Worktown: The Astonishing Story of the Project that Launched Mass-Observation
By David Hall
(Weidenfeld & Nicolson, 320 pages, £20) If you’ve heard of Mass Observation it is probably because the diaries that members completed during the Second World War have become the basis of recent books and TV programmes.
Mass Observation had its origins in the mill town of Bolton, known as ‘Worktown’. Its founder was an eccentric social anthropologist cal lled Tom Harrisson, who thought that more was kn nown about peoples of the South Pacific island wherew he had lived than industrial Lancashire. HeH wrote in 1937 that: “While anthropologis sts go all over the world studying so-called primitive peoples, no one is making comparable studies of ourselves. I was determined to return to study the cannibals of Britain. So I headed up here to the less savage, but to me equally exoticc Bolton.”
Over a two-year period before the Second World War, he and a team of volunteers attempted to study the people of Worktown in minute detail with the aim of publishing a series of books on aspects of their lives. Only one book was ever published and the fieldwork is now in the Mass Observation Archives at Sussex University.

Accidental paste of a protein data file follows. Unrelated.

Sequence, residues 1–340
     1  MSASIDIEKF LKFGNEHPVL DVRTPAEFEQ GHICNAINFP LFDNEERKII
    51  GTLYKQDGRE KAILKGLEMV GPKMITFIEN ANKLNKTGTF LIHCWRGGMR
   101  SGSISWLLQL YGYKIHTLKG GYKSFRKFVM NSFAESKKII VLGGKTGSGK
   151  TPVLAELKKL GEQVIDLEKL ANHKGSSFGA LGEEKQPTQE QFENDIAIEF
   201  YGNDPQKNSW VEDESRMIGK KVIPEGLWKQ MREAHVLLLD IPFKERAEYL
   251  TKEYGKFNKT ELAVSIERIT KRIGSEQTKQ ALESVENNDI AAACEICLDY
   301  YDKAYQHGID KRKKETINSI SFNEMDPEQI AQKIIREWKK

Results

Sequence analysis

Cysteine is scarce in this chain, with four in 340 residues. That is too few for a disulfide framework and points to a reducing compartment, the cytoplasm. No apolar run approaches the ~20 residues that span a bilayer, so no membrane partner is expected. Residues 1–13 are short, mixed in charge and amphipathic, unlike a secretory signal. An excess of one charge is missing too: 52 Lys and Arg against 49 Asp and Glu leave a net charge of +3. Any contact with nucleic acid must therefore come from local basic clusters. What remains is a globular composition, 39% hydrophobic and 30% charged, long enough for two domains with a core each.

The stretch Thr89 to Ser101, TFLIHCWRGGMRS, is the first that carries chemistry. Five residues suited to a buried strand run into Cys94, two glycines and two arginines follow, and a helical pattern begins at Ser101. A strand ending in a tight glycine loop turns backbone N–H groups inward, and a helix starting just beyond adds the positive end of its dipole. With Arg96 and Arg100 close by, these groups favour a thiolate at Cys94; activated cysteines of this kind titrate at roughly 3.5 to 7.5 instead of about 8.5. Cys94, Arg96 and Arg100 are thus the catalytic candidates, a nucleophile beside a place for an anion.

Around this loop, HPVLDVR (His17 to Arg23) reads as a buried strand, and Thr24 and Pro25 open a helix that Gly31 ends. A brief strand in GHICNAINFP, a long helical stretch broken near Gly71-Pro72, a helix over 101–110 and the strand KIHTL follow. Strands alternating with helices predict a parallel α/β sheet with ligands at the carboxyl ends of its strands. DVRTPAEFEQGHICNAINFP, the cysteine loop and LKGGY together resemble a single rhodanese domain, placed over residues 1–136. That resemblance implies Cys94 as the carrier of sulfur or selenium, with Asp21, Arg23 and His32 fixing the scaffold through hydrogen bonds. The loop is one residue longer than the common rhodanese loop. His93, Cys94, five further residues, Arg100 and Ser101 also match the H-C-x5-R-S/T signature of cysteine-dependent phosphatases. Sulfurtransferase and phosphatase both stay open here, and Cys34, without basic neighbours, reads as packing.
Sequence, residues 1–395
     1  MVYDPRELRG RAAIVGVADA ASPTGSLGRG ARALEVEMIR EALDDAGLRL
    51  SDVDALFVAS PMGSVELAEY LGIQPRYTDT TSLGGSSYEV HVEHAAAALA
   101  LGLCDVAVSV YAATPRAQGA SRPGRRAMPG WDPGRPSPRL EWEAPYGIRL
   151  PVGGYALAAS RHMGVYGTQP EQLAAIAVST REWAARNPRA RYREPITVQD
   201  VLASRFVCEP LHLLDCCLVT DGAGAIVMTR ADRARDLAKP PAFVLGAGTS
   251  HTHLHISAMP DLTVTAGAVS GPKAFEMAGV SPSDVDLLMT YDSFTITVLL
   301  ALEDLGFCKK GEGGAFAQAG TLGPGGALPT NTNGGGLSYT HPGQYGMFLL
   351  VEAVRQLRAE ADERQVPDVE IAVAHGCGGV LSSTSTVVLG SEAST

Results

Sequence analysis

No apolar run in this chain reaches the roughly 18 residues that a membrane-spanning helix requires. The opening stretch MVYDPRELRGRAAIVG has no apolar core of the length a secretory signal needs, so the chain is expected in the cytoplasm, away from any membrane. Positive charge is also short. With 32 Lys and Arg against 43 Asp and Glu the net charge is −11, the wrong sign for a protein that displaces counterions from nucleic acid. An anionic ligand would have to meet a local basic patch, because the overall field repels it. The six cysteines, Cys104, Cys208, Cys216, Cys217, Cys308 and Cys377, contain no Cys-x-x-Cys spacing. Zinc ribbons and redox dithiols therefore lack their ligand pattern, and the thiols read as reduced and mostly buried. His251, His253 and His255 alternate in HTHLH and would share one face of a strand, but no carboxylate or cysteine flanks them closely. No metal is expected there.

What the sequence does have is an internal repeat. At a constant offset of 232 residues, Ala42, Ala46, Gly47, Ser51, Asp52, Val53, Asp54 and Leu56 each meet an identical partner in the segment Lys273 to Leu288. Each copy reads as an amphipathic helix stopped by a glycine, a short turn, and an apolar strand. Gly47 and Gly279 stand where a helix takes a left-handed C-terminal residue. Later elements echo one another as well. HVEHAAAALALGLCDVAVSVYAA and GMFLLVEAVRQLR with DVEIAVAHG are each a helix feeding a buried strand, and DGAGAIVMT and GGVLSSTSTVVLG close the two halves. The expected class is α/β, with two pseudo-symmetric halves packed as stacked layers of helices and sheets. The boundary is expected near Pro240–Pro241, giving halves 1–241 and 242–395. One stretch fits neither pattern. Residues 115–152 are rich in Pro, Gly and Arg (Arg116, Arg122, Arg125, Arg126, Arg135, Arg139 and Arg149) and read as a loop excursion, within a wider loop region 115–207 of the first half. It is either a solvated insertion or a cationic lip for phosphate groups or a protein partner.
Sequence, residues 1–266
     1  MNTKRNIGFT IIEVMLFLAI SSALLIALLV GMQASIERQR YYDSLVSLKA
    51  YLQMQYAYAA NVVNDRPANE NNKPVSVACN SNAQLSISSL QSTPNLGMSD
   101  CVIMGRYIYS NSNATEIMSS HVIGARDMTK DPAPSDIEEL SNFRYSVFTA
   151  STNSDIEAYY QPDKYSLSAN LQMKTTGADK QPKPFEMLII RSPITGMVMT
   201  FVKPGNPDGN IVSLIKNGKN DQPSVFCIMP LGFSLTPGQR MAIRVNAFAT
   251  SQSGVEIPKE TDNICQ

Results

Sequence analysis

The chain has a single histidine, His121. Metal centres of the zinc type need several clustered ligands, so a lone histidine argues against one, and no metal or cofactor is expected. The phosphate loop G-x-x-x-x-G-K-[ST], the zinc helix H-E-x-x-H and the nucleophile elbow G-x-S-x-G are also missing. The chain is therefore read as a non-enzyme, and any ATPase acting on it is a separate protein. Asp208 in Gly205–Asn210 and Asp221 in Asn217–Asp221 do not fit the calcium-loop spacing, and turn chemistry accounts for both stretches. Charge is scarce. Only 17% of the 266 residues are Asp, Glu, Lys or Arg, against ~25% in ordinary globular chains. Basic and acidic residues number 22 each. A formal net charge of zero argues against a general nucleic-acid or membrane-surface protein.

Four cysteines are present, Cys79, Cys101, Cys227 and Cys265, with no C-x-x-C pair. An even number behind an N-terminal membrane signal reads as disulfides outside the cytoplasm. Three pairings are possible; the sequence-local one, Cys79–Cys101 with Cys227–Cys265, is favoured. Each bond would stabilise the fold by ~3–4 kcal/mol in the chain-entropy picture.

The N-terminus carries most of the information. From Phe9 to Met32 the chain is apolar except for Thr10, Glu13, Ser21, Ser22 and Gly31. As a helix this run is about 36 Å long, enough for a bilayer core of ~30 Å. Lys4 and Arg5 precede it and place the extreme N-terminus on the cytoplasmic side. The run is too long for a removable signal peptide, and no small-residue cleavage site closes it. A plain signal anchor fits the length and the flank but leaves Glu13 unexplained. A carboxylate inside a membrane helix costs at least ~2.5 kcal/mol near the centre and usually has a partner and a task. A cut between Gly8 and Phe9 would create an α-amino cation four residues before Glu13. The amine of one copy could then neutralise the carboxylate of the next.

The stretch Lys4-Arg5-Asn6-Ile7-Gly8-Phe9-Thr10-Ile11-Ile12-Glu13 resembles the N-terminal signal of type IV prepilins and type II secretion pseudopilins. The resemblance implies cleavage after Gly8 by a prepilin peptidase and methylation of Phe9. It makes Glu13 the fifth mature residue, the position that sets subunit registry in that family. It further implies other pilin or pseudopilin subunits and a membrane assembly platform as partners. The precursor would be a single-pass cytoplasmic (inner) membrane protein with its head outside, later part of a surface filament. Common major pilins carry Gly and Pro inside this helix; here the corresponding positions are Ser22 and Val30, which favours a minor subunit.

The volunteers were a mixture of London intellectuals, middle-class undergraduates and local people who sat in pubs, attended churches, and prowled the streets and markets recording in detail the behaviour of Boltonians, such as how long it took to buy a length of cloth, what was discussed in pubs, and the social strata of the mills.
The Worktown project failed due tot the fact that it was not rigorously organisedo and so much of what was re ecorded was trivial or meaningless. Ev ven so, the world that the observers doc cumented in such detail has almost com mpletely disappeared.
ThisT book tells the story of the men and (ffew) women who worked alongside Tom HHarrisson and how the Worktown project was run. Referring to the subtitle, the most astonishing revelations in the book are the squalid conditions the observers lived in and the sexual liaisons they all engaged in, which would have surely shocked the respectable working-class citizens of Bolton.
Simon Fowler is a professional writer and
Women from Bolton march to London to demand a seven-hour day for cotton workers in 1939